The organization also has a language access group, helping to provide language access and interpreter services to individuals with limited English proficiency (LEP) and to ensure organization initiatives are designed with LEP patients in mind.

“We also had a pillar for community partnership, and we now have a community and population health department that really works closely with the community,” Mieres noted. “We figured out how to bond with our communities to make sure that they see Northwell as being available and a partner for businesses.”

Currently, Northwell Health has community health partnerships with small businesses, women-owned businesses, businesses owned by historically marginalized groups, and LGBTQ-owned businesses.

But according to Mieres, the highest-yield staff group are the Business Employee Resource Groups (BERGs) that focus on staff engagement, talent development, and employee satisfaction.

Northwell Health has employee resource groups that focus on veterans' needs, environment and sustainability, LGBTQ+ representation, cultural diversity, and more. Mieres said the BERGs are the biggest change agents in the organization’s DEI efforts because they represent a grassroots effort to support health equity throughout Northwell.

Underpinning all of this is a deep sense of trust between leadership, organization staff, and the patients who are impacted by DEI efforts. Building that trust had to start small, Mieres said.

“First, it started with our CEO making a commitment to DEI and our CFO giving resources for organized structures,” Mieres explained. “And then initially, it was people who were passionate about it.”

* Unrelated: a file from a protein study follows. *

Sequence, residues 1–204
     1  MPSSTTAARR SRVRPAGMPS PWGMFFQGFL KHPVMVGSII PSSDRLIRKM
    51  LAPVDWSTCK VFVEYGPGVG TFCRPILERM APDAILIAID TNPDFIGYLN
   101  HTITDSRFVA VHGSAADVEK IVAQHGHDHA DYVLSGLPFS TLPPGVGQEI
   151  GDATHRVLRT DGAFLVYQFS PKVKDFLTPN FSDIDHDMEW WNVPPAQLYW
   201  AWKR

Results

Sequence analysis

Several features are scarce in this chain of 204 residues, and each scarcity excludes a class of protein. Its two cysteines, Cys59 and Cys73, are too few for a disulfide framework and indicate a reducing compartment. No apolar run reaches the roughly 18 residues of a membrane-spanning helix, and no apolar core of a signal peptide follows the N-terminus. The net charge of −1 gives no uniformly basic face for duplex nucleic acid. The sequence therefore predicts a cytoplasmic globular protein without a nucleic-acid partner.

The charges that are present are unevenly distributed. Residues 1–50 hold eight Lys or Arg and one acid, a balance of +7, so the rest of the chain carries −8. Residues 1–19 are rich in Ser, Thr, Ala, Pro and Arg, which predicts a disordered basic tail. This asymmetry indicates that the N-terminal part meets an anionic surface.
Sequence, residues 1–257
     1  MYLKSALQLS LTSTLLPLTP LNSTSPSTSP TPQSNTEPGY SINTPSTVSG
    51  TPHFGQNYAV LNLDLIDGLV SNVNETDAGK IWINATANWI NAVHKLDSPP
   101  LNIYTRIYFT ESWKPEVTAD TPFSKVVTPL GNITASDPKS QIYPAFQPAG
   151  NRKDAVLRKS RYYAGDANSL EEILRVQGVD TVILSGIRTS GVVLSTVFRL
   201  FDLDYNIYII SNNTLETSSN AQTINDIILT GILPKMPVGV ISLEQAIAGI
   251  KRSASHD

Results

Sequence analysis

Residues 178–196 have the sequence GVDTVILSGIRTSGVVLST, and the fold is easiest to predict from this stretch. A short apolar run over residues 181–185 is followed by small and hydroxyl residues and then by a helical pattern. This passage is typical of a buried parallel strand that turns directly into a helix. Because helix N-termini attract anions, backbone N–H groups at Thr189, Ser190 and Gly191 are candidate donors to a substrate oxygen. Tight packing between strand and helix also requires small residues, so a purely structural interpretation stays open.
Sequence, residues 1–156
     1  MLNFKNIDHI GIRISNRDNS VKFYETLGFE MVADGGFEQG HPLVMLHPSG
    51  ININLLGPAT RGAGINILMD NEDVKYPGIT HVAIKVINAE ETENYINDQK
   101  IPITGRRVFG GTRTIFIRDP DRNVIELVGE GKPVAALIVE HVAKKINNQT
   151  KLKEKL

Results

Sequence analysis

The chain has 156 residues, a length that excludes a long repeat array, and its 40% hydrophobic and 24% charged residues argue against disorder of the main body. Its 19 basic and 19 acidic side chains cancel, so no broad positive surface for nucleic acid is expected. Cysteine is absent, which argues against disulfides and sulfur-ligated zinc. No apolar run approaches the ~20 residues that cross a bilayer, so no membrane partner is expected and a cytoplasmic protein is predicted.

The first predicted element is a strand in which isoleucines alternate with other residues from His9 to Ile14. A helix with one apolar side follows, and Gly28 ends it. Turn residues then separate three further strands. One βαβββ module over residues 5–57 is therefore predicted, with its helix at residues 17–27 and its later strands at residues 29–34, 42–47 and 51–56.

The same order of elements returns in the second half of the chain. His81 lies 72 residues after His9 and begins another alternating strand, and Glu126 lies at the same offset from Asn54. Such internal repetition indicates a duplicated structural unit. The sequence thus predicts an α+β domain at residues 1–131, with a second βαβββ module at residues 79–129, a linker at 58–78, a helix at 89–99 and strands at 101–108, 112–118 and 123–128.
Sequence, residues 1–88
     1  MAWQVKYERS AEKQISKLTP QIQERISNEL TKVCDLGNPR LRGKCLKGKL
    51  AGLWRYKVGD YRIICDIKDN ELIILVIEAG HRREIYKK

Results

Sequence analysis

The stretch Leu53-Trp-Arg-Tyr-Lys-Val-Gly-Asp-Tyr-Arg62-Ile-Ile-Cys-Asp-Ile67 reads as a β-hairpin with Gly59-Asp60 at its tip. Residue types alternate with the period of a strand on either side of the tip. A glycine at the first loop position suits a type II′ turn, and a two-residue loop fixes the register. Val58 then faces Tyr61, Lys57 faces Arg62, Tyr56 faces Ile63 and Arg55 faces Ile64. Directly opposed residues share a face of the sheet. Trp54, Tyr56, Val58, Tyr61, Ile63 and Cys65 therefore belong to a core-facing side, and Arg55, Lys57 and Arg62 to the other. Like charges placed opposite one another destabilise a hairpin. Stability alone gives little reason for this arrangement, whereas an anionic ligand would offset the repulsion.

Those small gestures had a ripple effect across the organization, as Northwell proved that it could walk the walk, Mieres said.

“As we progressed, we were doing inventory and surveys along the way. As we implemented DEI strategies and competencies and components into our healthcare delivery remodel, we showed how our patient engagement and patient experience scores started to change, increase moving in the positive direction, really helped,” she stated.

Mieres said this model has set Northwell Health up for success not just for the culture shift that happened in 2020 amid glaring COVID health inequities but also for the quality measurement changes that are down the pike.

“The time has run out for having this as a nice to do or mission-critical thing to really, it'll translate into dollars and cents,” she explained.

“We, as a medical community, are moving to value-based care, and we're going to get paid based on making sure that we have health equity components embedded into our healthcare delivery system. And eventually, they're going to start looking at patient outcomes, readmission, length of stay indicators, that will determine the type of reimbursement you get.”

It's time for healthcare organizations to recognize that getting to those equitable outcomes is a team sport; if one sociodemographic group faces bad outcomes, it harms the entire healthcare ecosystem, Mieres emphasized.

But she fears implementing the DEI work necessary to achieve equity will be difficult in today’s polarized world.

“Given the political climate, everything becomes confusing,” she noted, noting that even the word “diversity” has gotten divisive. “So how do we rebrand DEI to really get people to recognize that regardless of your race, ethnicity or color, whatever, this is not just about vulnerable population, but it's about all of us?”

“This is truly a team sport regardless of your race, your advantage in life, your lived experience,” Mieres concluded. “As we redesign healthcare for this landmark moment in time, that human connection is critical.”